The historic trans activist Mar Cambrollé is clear: “Mobilization has been the only way to achieve our rights. They are not going to give us anything.” For this reason, the Trans Platform, of which she is president, has once again convened the group this Saturday to commemorate the International Day of Trans Memory, denounce the violence they suffer and ask that the processing of the trans law be improved and accelerated. against fascism.
The Government approves the ‘trans law’, which contemplates gender self-determination
International Trans Memory Day has been celebrated every year in various countries around the world since 1998 to remember those people who have been victims of transphobia. Since 2008, 14 trans people have been murdered in Spain, two of them in 2020, according to the registry of the Observatory of Murdered Trans Persons, from the Trans Respect platform, which has accounted for a total of 4,042 reported cases worldwide up to September of this year. Of those more than 4,000 murders that have been recorded, 375 have occurred in the last year and 96% of the victims were women or female transgender people.
According to the latest report on the evolution of hate crimes in Spain, published by the Ministry of the Interior, in 2020 277 cases were registered. It is one less than the previous year, prior to confinement, and represents more than 20% of the total. Discrimination not only comes in the form of direct violence, but also through other spheres, such as the workplace. Various reports reveal that trans people have a harder time accessing a job than cisgender people. According to a UGT study, published this summer, 80% of trans people are unemployed and almost 70% fear recognizing their gender identity at work.
“Trans rights are human rights,” dozens of people have chanted, who have walked the Gran Vía from Pedro Zerolo Square, in Chueca, after a banner that read that “against fascism, trans law.” A claim that takes into account the rise of the extreme right and, in the Community of Madrid, the fear that the PP will repeal the regional LGTBI laws. But also the “threat to fine people who use inclusive language” in the Region of Murcia, denounces Cambrollé.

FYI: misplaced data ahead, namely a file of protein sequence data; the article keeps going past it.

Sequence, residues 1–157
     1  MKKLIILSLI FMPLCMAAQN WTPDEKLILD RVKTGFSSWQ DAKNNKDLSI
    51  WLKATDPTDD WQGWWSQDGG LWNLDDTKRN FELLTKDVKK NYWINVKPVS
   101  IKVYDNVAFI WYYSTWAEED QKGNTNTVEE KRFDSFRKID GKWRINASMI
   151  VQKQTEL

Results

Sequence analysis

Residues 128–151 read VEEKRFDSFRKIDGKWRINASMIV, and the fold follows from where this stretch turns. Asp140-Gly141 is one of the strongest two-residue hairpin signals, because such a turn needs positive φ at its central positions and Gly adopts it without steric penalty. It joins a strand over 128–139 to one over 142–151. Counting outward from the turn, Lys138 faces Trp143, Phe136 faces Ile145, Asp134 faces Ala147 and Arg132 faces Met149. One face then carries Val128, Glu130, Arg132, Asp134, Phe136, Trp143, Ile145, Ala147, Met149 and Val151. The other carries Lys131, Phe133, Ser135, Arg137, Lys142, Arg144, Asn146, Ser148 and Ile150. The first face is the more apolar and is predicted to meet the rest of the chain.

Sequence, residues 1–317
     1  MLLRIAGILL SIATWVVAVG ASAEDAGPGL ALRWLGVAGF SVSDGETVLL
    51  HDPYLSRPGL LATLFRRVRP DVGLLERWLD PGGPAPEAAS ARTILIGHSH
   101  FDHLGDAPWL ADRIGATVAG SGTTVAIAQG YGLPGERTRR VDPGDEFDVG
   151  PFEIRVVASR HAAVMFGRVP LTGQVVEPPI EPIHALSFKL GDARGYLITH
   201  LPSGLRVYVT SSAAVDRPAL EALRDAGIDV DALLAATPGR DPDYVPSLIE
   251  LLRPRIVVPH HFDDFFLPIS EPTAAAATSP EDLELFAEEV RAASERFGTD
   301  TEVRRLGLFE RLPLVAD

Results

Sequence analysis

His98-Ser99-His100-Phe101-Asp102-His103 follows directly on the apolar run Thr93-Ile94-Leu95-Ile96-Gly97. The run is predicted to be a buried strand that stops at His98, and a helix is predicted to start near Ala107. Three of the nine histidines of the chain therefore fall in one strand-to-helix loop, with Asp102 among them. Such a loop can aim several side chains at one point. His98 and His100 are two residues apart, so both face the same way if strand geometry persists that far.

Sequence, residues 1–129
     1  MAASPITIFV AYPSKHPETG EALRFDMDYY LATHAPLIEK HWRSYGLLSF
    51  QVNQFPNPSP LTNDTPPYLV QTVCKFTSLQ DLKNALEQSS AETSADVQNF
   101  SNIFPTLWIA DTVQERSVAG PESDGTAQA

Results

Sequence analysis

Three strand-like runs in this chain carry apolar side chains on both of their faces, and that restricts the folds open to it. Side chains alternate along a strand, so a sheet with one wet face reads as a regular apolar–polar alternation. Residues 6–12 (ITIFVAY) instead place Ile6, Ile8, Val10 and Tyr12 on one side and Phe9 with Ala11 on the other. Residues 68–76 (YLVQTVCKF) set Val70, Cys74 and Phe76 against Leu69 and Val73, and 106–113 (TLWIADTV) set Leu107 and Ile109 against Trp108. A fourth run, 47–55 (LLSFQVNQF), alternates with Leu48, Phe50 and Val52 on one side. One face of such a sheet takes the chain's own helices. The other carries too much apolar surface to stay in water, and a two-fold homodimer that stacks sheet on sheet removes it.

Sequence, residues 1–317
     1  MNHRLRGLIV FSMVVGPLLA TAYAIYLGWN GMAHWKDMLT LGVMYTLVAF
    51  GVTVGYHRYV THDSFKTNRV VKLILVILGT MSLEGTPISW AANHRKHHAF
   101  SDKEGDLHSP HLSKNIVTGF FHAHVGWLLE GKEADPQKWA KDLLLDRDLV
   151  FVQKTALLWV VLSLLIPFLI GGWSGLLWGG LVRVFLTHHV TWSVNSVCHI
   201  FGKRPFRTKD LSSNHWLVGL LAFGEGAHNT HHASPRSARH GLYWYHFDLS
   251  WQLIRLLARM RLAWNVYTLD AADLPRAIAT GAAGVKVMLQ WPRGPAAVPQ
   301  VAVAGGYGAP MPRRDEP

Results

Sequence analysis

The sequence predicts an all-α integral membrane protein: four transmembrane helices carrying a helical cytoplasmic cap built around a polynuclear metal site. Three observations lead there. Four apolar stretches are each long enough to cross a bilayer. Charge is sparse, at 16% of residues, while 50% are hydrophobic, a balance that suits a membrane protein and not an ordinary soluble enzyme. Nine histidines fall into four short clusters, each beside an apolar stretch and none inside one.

“The Government cannot leave us abandoned to the adventure of other formations,” says the president of the Federation of trans groups of the Spanish state Plataforma Trans, which asks to settle “the debt with trans people.” “We don’t want more, but neither do we want less,” he claims.
“We are not going to allow the expansion of a law that comes late and that comes to compensate and repair the debt with trans people,” explains Cambrollé. Collectives in defense of trans people demand that this draft law be improved in three key aspects: the inclusion of trans migrants, non-binary identities and that it does not leave out trans childhoods.
Elena Fernández is the mother of a trans minor. He has attended the demonstration because “there is much left to ensure that everything is the same in society” and because he is concerned about “the fat entry of parties with fascist overtones” on the political scene.
In 2019, the Constitutional Court estimated that trans minors with sufficient maturity could register their sex change, something that the new trans and LGTBI law does not contemplate, as Cambrollé indicates, which warns with reaching the European Court of Human Rights if they are not includes this claim: “We ask for the right to identity and that our childhoods are not mistreated.”
Non-binary identities are also left out of the blueprint. Cris Sol, a 23-year-old young man, was demonstrating this Saturday “for trans memory”, but also to ask that his identity be included in the DNI. “Our claim is the right to be and respect,” he says. “We are not included at all and we cannot change the name,” he laments, surrounded by a group of colleagues. “We think it will take time (to be included),” he explains, but his priority is to go “step by step” so that “trans people get their rights.”
Last June, the Government approved the draft of the new ‘trans law’, merged with the LGBTI. A rule that generated tensions within the coalition government and maintains the opposition of a sector of the feminist movement, contrary to the self-determination of gender, which allows trans people to make the registry change without providing evidence or the testimony of third parties.
These tensions have been present in the march, where it has been repeatedly chanted that “transphobia is not feminism” and the opposition of the former Vice President of the Government, Carmen Calvo, to gender self-determination has been recalled, considering that it does not guarantee “legal certainty”.
The president of the FELGTBI +, Uge Sangil, has insisted these days that “the processing of the Law cannot be delayed any longer” and has asked that the “rights of trans migrants be recognized, the recognition of reality does not binary or the rights of trans minors “, which are” more clearly recognized in other legislation “, but which the draft presented by the Ministry of Equality leaves, for the moment, outside the norm.